Stepping Back Into the Past (2): Igbo Compound

The 1700s saw a peak period in the transatlantic slave trade. Between 1716 and 1755, 30,000 Igbos were brought to Colonial Virginia as enslaved farm laborers, domestic servants, and artisans. Igboland is now part of modern-day Nigeria.

The Frontier Culture Museum, which I introduced a few days ago with the 17th century English farmhouse, also houses an Igbo compound to honor the contributions made by Africans to the developing American culture. This compound is a re-creation of a prosperous Igbo household in the 1700s.

Igbo compound at Frontier Culture Museum

Igbo compound at Frontier Culture Museum

The orange tones here reminded me very much of the reddish soil I had seen during my visit to West Africa many years ago.

Stepping through the gate, I felt transported back to the continent that was Mother to all of us so long ago:

It had been raining most of the day and the rivulets of water transformed the court yard into a soggy, muddy quagmire:

Muddy yard

Muddy yard

This Australian visitor was undeterred by the rain (Hello, Lolla!) and asked the museum staff person many questions:

Visitor talking with staff person

Visitor talking with staff person

We learned that the Igbo were an industrious and flourishing tribe in the Biafran hinterlands. They had domesticated many plants and animals. Their farming techniques were well adapted to the surrounding rainforest environment. Land was cleared with machetes and fire for food production.
The men grew the all important yam, a starchy tuber, while the women raised vegetables and other tubers in between the yam hills. An average household (consisting of a male with several wives, their children, and often additional relatives) required a large amount of yam. Many hundreds of hills of seed yams had to be planted and carefully tended to in order to secure an abundant harvest.
Each stage of the yam’s growth was marked with rituals and celebrations, ending with the harvest and storage of the tubers in a barn. The importance of yam to Igbo culture reminded me very much of the significance of corn to many Native American tribes.

The Igbo were well known for their basket weaving and pottery making skills. These are samples of essential food and water storage containers found in a typical household.

The buildings and compound enclosure were constructed with clay, bamboo, and local wood. Roofs were made from raffia palm thatch.

The Igbo practiced the art of weaving to produce essential textile products for the household.

The inside of a house contained various household and ritual objects.

Leaving the compound felt like a fast-forward motion into a different time and place, especially when the world beyond the compound walls re-appeared.

the world beyond the compound walls

the world beyond the compound walls

The theme of the Weekly Photo challenge is: Orange.

About Beauty Along the Road

A blog about discovering beauty in all its ordinary and extraordinary manifestations.
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21 Responses to Stepping Back Into the Past (2): Igbo Compound

  1. I never knew about the Igbos, Annette, so thanks for teaching me something new. It’s interesting how their food production was centered on the yam. This is a perfect post for orange! πŸ™‚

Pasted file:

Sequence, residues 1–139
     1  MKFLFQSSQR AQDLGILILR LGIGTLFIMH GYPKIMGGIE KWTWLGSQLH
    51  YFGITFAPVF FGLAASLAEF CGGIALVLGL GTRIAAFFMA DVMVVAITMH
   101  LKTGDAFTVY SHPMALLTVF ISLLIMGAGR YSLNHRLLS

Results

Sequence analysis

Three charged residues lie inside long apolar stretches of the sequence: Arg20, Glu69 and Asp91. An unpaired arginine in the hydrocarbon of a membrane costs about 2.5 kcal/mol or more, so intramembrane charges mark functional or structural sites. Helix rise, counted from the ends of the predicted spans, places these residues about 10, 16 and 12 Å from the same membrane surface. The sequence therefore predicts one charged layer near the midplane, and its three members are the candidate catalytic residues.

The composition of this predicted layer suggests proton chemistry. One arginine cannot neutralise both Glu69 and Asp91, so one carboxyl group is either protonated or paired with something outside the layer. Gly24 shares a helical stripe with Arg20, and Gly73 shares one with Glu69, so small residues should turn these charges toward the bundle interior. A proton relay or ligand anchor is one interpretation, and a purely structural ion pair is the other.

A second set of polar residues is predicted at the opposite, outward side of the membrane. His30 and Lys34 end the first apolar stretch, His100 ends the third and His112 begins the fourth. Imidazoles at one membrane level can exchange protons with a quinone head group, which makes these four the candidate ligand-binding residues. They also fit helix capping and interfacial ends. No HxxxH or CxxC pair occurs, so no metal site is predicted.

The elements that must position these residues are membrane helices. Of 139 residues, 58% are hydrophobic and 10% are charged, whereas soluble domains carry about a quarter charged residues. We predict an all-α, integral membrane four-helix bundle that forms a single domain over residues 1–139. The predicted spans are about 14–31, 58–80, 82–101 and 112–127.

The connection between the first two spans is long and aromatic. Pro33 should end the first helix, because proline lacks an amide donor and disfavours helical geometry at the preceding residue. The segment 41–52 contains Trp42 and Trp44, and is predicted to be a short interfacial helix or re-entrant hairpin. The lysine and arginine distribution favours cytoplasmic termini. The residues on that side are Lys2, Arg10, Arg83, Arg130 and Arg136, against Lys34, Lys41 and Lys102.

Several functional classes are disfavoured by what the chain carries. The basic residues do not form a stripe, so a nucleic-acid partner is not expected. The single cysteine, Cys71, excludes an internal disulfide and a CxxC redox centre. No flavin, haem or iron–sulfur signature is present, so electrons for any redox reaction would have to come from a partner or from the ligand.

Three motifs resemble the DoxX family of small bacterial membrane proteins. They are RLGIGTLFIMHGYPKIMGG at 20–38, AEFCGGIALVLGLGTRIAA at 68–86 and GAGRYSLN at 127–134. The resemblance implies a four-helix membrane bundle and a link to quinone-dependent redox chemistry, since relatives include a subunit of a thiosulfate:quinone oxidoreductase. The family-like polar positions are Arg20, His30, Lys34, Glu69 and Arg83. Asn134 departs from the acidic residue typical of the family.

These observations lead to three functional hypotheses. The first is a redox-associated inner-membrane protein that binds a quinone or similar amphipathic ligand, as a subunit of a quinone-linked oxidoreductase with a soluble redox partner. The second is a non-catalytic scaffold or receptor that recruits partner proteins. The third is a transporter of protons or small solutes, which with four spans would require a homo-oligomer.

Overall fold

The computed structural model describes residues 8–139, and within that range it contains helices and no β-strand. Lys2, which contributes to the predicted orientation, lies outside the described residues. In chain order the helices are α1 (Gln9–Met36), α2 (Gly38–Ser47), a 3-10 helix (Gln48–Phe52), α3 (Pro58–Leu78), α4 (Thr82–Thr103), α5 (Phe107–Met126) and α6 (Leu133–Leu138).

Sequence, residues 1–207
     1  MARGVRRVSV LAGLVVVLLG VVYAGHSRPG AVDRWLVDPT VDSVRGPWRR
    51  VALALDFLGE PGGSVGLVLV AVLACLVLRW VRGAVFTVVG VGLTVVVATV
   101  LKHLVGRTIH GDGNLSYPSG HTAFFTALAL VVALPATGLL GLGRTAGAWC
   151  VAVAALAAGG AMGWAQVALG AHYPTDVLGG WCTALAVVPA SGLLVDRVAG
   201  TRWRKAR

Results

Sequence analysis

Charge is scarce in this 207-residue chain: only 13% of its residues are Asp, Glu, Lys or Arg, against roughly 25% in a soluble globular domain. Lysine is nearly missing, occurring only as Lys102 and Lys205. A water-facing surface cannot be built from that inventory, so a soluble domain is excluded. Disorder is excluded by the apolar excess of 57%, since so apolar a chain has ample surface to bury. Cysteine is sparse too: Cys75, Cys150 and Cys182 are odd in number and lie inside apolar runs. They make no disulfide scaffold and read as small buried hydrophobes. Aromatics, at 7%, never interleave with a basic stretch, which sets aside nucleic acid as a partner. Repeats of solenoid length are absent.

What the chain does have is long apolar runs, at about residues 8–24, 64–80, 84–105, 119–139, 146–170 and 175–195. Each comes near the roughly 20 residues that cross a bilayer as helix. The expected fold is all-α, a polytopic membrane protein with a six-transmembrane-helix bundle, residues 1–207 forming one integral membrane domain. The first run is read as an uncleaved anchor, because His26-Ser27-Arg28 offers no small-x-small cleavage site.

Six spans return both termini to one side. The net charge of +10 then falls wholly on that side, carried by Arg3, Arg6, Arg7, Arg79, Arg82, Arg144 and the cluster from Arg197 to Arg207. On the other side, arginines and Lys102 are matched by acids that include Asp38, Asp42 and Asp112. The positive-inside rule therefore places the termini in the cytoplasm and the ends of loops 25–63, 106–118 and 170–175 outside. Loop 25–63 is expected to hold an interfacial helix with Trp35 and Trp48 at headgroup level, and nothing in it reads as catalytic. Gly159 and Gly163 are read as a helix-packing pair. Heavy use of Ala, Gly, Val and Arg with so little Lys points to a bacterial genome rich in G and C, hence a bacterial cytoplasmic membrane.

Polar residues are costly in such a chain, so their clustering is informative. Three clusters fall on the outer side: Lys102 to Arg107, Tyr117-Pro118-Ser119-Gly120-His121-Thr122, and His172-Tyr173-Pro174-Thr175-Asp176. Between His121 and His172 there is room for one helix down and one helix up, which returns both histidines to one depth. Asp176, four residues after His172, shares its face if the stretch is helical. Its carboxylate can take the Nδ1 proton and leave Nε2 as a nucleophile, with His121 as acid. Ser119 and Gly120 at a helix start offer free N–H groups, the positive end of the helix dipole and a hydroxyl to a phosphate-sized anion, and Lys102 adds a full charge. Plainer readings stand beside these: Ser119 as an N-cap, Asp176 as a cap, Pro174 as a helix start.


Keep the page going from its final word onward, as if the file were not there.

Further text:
• I believe that the Sea Islanders in South Carolina and Georgia (the Gullah people) are descendants of the Nigerian Igbos. They have preserved many of their customs (foods, music, even language) to this day. And, of course, they are known for their amazing basket weaving skills.

      Liked by 1 person

  2. schuttzie says:

    What an experience to have looking over the compound, rich in history! Beautiful photography, thank you for sharing πŸ™‚


  3. Aggie says:

    Thanks for sharing your experience of a simpler way of life.


  4. dogear6 says:

    Interesting! Thanks for taking time to share this with us.



  5. Lola Jane says:

    Super post! I learned something new, and your photos took me there. Great pick for the theme “orange”. —- Jane


  6. Always being taught something new from you. Have you been in Santa Fe, I am planning a camping trip this summer. If so any recommendations? I have been there about 30 years ago. Thank you Annette. Cornelia


  7. Mabel Kwong says:

    Never heard of Igbos, this was a very interesting read. Correct me if I’m wrong, but I’ve heard a few times that yam was very popular there in Nigeria, sort of like a food staple. They take quite a while to harvest, and they really aren’t cheap to buy either. Beautiful orange photos. Very earthy and it reminds me that we all need to get down and dirty when we want to harvest natural crops for food πŸ™‚


    • The Igbos are still a significant tribal group in Nigeria. I have seen some of their stunning sculptures.
      Yes, yam is an important staple in many tropical places because it is a very starchy tuber that provides a lot of calories. There are lots of tubers in many other places in the world that fulfill a similar function (think potatoes, sweet potatoes, taro, tanya, cassava). I love to grow different kinds of potatoes (purple, gold, white) and sweet potatoes (they have barely enough growing season where I live but some yrs they do really well). Tubers make great comfort foods!


      • Mabel Kwong says:

        Yes, tubers are really good comfort foods. A bit of it makes me full, so I tend to have small servings of it. Yam is a very popular food in Malaysia too, both steamed and fried, and commonly eaten at family gathering dinners.


  8. Wow, an excellent informative post. How interesting that so many of one tribe remained intact in this part of VA instead of being scattered all over the south. Have you tried growing gourds, Annette?


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